A month or so ago, one of the Brew Cabin Irregulars posed the question of whether there was any future for block paving, and during the ensuing discussion the point was made that two relatively new developments would ensure block paving would be with is for many, many years to come: permeable pavements and machine-assisted installation. Although the original poster was primarily concerned about concrete block paving, it's an equally, if not more, valid consideration for clay pavers. More or less since the first concrete block was de-moulded and shunted into a curing chamber, they've had the lion's share (and a fair old chunk of the elephant's portion) of the market for small segmental pavers. Consequently, if the concrete wallahs are staking their claim to the permeable and/or machine lay market, then the clay chaps need to be in there, too.
Which is why I'm out in the rain on a cold November morn, witnessing what was the world's (well, definitely Wem's) first ever machine assisted installation of a permeable clay brick pavement.
This is a collaborative effort between Probst UK , purveyors of excellent machine lay equipment, and Blockleys , widely recognised as one of the country's premier producer of quality clay pavers. As luck would have it, both companies are based in Shropshire, and Probst had available a reasonably sized trial area that needed paving. So bring on the pavers!
This is very much a trial, and as such, a number of headaches were fully expected. After all, the purpose of a trial is not simply to see how well a product or technique performs, but to find out just what can go wrong, and how said product/technique can be improved. I think it's fair to say that, over the course of a couple of days, more was learned about the intricacies of machine-assisted installation of clay pavers than had ever been imagined.
From a manufacturer's point of view, arrangement of the layers, packaging, and palletising all presented new challenges, while the handling kit had to cope with the clay pavers that are slightly larger than normal (210x105mm rather than 200x100mm), that are not prefect rectangles, and feature extra-large spacer nibs on three sides and none at all on the fourth.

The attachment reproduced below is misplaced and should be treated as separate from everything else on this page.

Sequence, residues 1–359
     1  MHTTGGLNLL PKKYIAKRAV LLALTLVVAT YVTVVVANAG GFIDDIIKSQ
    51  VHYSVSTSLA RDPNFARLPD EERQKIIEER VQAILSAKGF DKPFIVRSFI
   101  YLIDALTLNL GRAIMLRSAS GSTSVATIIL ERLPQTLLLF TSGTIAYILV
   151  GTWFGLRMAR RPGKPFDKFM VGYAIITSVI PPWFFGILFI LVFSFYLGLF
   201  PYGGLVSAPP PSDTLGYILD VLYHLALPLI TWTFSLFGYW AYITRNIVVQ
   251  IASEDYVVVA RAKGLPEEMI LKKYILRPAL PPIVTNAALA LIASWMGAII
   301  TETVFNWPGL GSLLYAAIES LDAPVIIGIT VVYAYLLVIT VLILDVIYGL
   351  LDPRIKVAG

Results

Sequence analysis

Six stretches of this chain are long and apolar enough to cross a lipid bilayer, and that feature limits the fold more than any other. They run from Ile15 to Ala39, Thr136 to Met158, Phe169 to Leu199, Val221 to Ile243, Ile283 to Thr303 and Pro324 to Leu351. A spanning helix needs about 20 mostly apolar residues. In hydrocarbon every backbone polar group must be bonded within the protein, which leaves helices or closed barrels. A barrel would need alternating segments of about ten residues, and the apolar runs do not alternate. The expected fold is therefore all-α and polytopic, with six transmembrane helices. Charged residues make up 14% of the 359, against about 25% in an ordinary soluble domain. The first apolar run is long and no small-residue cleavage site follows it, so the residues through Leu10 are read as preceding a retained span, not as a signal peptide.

Just setting-up the lifting head involves quite a bit of tweaking and adaptations to find the best 'fit' for the clay pavers. The 90° herringbone format doesn't help; a 45° layout might work better, and I suspect that will be tried at some point. As always with clay pavers, maintaining a decent alignment is half the battle, and it doesn't seem to be any easier when the blocks are placed by a machine rather than a human hand.
Progress on Day 1 was slow; but then it always is at the start of any job. By lunchtime, the weather had taken a turn for the even worse, and with discretion being the better part of valour, I beat a hasty retreat to my nice, warm, draught-proof office. While Day 2 was slightly less damp, the wind was as thin as a feeler gauge and cut right through you. Happily, the speed of laying had increased dramatically, and by the time Blockleys' Technical Manager, Ian Cook, turned up, each panel was being dropped into position in a little over a minute: still a good way to go when compared to other machine-lay cycle times, but a significantly improvement on the previous day.
Overall, this was a strange experience, a mixture of excitement and frustration. It's wonderful to see someone having a go at machine-laying clay pavers, as it's an immense engineering challenge and one that really needs to succeed if the clay industry is to maintain or even expand its market share, but the slow pace is finger-gnawingly frustrating to an ex-contractor. While it's fully accepted that the laying speed was never going to be spectacular on a trial project such as this, my contractor's innate instinct for losing money tells me that we need to be shown a system that is significantly faster than hand lay if the technology is to be adopted by the wider industry. If you had to choose a team to resolve the problems presented by clay pavers, Blockleys and Probst would, pretty much, be the dream choice, so if anyone can crack this particular nut, it will be them.
The Probst lifting head clamps onto one layer of pavers, aligning them and grabbing them securely before lifting them and carrying them to the laying face
The lifting head carries the Hydrosmart pavers to the laying face and places them against the already laid pavers
PS: An electrically powered block splitter was used to cut the pavers on this project - read more about this in the "Where's me maul?" blog